Wolff: 'We Know What People Are Saying'

Besides having one of the greatest last names of anyone to ever put on a Wolfpack uniform, Earl Wolff made everyone take notice whenever he took the field last fall with the scout team.

Besides having one of the greatest last names of anyone to ever put on a Wolfpack uniform, Earl Wolff made everyone take notice whenever he took the field last fall with the scout team.

The 6-foot, 190-pounder impressed graduate assistant Bobby Blick with his anticipation of passing plays and his aggressiveness around the football.

"Wolff is a guy that grew leaps and bounds over the course of the season," said Blick. "Incoming freshmen have a lot on their plate, adjusting to new surroundings and circumstances.

"But as Wolff began to feel more comfortable with our schedule and practice tempo, his confidence and ability really started to show quickly. He was always active on every play, and we relied upon him quite a bit as the season went on."

Hailing from Raeford, North Carolina, Wolff's recruitment was a unique one. Summer football camps are always an important evaluation tool for any staff and that was certainly the case with Wolff. He was a virtual unknown on the recruiting trail before putting on a show at the Pack's camp in 2007. At the time, Wolff wasn't being recruited by any other colleges and quickly committed.

As a senior for Hoke County (NC) High he was one of the top playmakers in the state. At safety he totaled 89 tackles, 12 tackles for a loss, five interceptions, one sack, and an astounding seven forced fumbles. Offensively he rushed for just under 1,000 yards and nine scores at tailback.

A big-time hitter, Wolff has made the transition to strong safety. He continued his strong play in the spring, and this fall is currently the backup rover behind senior Clem Johnson. While some players hoped they could have played as a true freshman, Wolff is happy he was able to redshirt in 2008.

"Things are going well," he said. "To tell you the truth, I'm glad I redshirted. I learned a lot. I was able to get faster, stronger, and smarter.

"This year I feel like I'm getting better everyday. I'll be prepared to play when the season opener comes around."

Wolff better be ready because he will likely log major minutes. Returning starters Clem Johnson and Justin Byers are back at safety, but J.C. Neal graduated and Jimmaul Simmons recently left the program.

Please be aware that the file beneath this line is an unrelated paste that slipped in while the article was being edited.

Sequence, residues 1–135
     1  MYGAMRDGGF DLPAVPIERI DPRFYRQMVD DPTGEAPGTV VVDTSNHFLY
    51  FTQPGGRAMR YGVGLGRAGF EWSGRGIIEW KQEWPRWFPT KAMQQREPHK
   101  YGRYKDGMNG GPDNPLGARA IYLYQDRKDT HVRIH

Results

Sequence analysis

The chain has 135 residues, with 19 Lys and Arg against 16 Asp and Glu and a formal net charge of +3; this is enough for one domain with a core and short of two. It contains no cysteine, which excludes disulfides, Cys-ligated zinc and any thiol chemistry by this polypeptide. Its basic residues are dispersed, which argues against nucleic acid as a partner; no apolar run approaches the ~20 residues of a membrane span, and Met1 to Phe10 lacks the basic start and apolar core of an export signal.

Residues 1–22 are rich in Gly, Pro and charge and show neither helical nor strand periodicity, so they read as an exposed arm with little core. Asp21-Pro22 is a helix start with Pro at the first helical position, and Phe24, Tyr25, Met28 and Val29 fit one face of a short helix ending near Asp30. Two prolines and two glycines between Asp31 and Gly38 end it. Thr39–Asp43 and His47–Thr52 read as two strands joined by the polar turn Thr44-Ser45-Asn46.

"It will open the door for someone else to come in and play," Wolff said of Simmons leaving. "I'm playing with Clem at strong safety right now, but one of the safeties will step in and help us win with Jimmaul gone."

"[Earl Wolff] looks like he's learning," said head coach Tom O'Brien. "That's what you expect out of him. He's much more comfortable than he was in the spring and certainly a lot better than he was last preseason.

"It's a journey and a process. He really works hard, he's enthusiastic out there, and he goes at it full speed all the time so he can only get better."

Wolff won't be the only freshman expected to contribute. NC State could have as many as five freshmen contribute at defensive back, including a pair of true freshmen who are already turning heads.

"The cornerbacks are looking good," said Wolff. "Jarvis Byrd and Rashard Smith... I think they might be ready by September 3rd. Rashard is a ballhawk. He goes up and gets the ball... he just makes plays. Jarvis is the same way. Both of those guys can play, and I think they are going to help us out this year.

"I also think if I had to pick one defensive player to surprise this year it would be Justin Byers. I think he has progressed a lot. He's stronger and faster and he's making plays. I believe he's going to help our defense a lot this year too."

Most fans and pundits have concerns about the Wolfpack's secondary. One of the worst pass defenses in the league in 2008, NC State lost two of its top playmakers in Neal and Jeremy Gray, and projected starting cornerback Dominique Ellis transferred. With freshmen and inexperience at safety and cornerback, it's no surprise that the back four have been labeled the defense's weak link.

"We know what people are saying about us," said Wolff. "We talk about that everyday... we're using it as motivation. We know how people feel about our secondary. It's pushing us to go harder and get better."

A big key for the secondary will be if State's front four can stay healthy and apply pressure. With four seniors projected to start, it's an experienced unit capable of creating a lot of havoc. That pressure might decide the Wolfpack's season. Wolff is confident that the unit will do its job.

"The defensive line makes our job easier," he stated. "The ball comes out faster, and it gives the offense less time to make plays. It makes the quarterback put the ball in the air before he's ready and we can do our job."


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